5. Philosophy and insight. These books are a close cousin of academic texts, and many are published by university-affiliated publishing houses. This genre runs the gamut from traditional philosophy (Plato, Aristotle, Descartes) to scientific theories (Newton, Watson & Crick) to analysis of scientific or cultural phenomena.
  6. Journalism. Journalism is a broad subgenre of nonfiction and one that encompasses many media. Journalism is most regularly consumed in the form of newspapers and magazines, along with monthly journals, TV news reports, and more. Journalism reports on true events that typically, but not always, have relevance to a contemporary audience. Journalism can also take the form of books. This includes narrative nonfiction and true crime books. Some of these books, like Losing Earth by Nathaniel Rich and Memphis Rent Party by Robert Gordon straddle the line between journalism and history. The best journalism can receive acclaims like the Pulitzer Prize and the Peabody and Polk awards.
  7. Self-help and instruction. Self-help books are some of the best-selling books in the world of nonfiction. Many of these books concern business success, buoying confidence, staying organized, relationship advice, dieting, and financial management.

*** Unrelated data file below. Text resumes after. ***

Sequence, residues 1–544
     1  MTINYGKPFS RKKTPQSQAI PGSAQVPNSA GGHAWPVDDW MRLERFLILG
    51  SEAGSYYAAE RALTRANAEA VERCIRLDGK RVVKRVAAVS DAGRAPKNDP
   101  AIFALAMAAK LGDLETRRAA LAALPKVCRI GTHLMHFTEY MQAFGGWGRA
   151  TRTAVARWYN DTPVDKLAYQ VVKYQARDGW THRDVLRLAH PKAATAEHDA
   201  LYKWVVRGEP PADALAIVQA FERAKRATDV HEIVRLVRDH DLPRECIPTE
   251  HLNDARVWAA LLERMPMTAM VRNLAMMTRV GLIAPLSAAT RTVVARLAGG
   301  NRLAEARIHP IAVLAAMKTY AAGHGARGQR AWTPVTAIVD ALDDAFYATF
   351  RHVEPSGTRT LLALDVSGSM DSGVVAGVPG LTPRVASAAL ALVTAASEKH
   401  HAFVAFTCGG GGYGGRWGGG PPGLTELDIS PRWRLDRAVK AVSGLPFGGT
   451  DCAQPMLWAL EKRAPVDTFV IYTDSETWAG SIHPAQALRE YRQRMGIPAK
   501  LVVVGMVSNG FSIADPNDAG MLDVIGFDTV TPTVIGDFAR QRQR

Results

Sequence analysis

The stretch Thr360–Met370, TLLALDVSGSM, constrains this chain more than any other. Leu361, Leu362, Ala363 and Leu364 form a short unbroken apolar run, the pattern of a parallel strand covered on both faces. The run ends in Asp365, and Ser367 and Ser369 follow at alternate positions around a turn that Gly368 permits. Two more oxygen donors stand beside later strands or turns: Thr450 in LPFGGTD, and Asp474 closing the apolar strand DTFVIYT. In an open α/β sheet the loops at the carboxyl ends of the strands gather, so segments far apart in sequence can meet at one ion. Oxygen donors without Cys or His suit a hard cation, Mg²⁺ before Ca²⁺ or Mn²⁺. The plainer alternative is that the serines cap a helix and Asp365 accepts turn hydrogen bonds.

8. Guides and how-to manuals. Related to the self-help subgenre, but more focused on specific skills is the subgenre of guides and how-to manuals. These include cookbooks, musical notations, athletic instructions, and tutorials for home hobbyists.
  9. Humor and commentary. These subgenres are forms of creative nonfiction, where analysis and reflection on real-world events are distilled through the prism of an author’s point of view. Sometimes that point of view can be humorous, sometimes it’s political, and sometimes it’s purely meditative. What prevents this subcategory from being fiction is that it is rooted in objective events, both present and historical.
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Want to Become a Better Writer?

Whether you’re just starting to explore essay writing or you’re a seasoned journalist looking for some inspiration, learning how to craft a nonfiction story takes time and patience. No one knows this better than Malcolm Gladwell, whose books on seemingly ordinary subjects—ketchup, crime, quarterbacks—have helped millions of readers grasp complex ideas like behavioral economics and performance prediction. In Malcolm Gladwell’s MasterClass on writing, the renowned storyteller shares everything he knows about researching topics, crafting interesting characters, and distilling big ideas into simple, powerful narratives.

Want to become a better writer? The MasterClass Annual Membership provides exclusive video lessons on plot, character development, creating suspense, and more, all taught by literary masters, including Malcolm Gladwell, R.L. Stine, Neil Gaiman, Dan Brown, Margaret Atwood, Joyce Carol Oates, and more.